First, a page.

FacebookTwitterGoogle+RedditEmail

From Cocoa Fields to Oil Fields in Equatorial Guinea

Until very recently, the West African country of Equatorial Guinea had always been an exporter of agricultural, timber, and mineral products. In the 1990s oil started flowing from offshore fields, and nowadays oil comprises 90% of the country’s exports. As a result there have been enormous increases of the gross national product, 76% in 1997 and 20% in 1998 and 1999. In other words, in a few years this impoverished country rapidly joined the medium income states.

However, behind this seeming economic miracle there is another story of mass corruption, a brutal regime, and the usual exploitative American oil companies. It is not the first time that American companies make the discovery of rich resources seem like a curse instead of great hope to improve the lives of the majority of the local population.

In a nutshell

A good description of the situation in Equatorial Guinea is found in the September 2003 issue of United States Department of Energy Information:

” despite rapid growth in real GDP, there is strong evidence of government misappropriation of oil revenues, in particular, for lavish personal expenditures. Furthermore, the failure of the government to inject oil revenues into the country’s economy, especially to fund much-needed improvements in the country’s infrastructure, has meant little improvement in the economic and social welfare of most Equatoguineans. While real per capita GDP has doubled in the last five years, there has been little positive change in social indicators.”

Not much else needs to be said to describe accurately the current situation of the country concerning the rapid and extraordinary increase of the national product, and its unequal sharing between the ruling elite and the rest of the population. One almost does not need to check data from human rights NGOs to verify that the activities of powerful companies like Marathon, ExxonMobil, Triton and Atlantic Methanol are not benefiting most of the inhabitants of this country. However, most people are unaware of what is really happening here.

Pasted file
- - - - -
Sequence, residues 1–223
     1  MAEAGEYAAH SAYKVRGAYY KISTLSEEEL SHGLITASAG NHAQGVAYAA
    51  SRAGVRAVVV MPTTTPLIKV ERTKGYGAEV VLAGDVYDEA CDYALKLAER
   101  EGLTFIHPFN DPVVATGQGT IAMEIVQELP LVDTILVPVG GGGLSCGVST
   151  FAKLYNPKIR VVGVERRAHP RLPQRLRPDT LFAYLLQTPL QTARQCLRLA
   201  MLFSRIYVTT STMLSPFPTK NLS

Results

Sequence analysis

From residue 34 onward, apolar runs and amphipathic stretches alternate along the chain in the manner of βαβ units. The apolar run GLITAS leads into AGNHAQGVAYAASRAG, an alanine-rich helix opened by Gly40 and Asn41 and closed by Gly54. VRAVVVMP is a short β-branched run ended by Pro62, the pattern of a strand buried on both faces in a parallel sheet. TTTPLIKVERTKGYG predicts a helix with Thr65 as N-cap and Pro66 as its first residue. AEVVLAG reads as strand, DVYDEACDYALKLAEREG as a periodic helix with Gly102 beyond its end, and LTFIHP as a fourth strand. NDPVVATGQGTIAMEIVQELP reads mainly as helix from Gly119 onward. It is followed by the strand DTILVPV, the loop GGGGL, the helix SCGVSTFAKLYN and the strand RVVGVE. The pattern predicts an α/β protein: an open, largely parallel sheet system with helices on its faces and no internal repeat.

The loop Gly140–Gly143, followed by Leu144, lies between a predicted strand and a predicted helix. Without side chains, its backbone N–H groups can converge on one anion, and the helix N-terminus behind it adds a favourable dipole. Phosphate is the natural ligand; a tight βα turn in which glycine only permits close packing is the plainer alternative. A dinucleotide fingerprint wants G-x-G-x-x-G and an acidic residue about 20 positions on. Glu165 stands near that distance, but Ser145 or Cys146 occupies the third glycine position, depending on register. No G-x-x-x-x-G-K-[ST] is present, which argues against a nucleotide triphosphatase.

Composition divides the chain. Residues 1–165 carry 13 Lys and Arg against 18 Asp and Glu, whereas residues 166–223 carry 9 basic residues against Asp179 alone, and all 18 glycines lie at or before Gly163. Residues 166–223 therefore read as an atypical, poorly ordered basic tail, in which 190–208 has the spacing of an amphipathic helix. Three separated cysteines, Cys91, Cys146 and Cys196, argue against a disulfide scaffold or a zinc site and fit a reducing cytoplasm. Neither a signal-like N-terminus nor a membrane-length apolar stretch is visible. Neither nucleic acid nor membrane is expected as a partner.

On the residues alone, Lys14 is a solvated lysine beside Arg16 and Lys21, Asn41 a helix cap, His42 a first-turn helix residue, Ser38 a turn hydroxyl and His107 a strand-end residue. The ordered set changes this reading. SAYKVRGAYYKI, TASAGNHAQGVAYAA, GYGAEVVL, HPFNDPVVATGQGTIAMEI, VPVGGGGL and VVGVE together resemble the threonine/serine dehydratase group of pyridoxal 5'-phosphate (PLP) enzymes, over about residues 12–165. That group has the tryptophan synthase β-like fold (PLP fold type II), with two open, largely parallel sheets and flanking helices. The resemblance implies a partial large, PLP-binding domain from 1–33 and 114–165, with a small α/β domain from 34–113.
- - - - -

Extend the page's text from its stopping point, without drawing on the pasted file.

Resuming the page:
Some income disparities

It is a useful exercise to compare an Equatorial Guinean national working for any of the oil giants with an expatriate executive. The oil executives–usually Americans- work for 28 days in Equatorial Guinea and go away intermittently on leave for a month. Skilled expatriates–most originating from the Philippines — work for nine weeks and are away on leave for four. In contrast, the Equatoguinean workers are on the job for eleven months.

The income differences offer a starker contrast. The oil executives receive between USD 10,000 and 12,000 p/month plus a week-end bonus of about USD 350. The white-collar workers receive between USD 7,000 and 8,000 plus the bonus of 230. The “Philippinos” receive between USD 1,800 and 2,000 plus a bonus of USD 50. Air tickets home, accommodation, meals, and medical treatment are also part of the package for these employees.
Type of Worker

September 25, 2018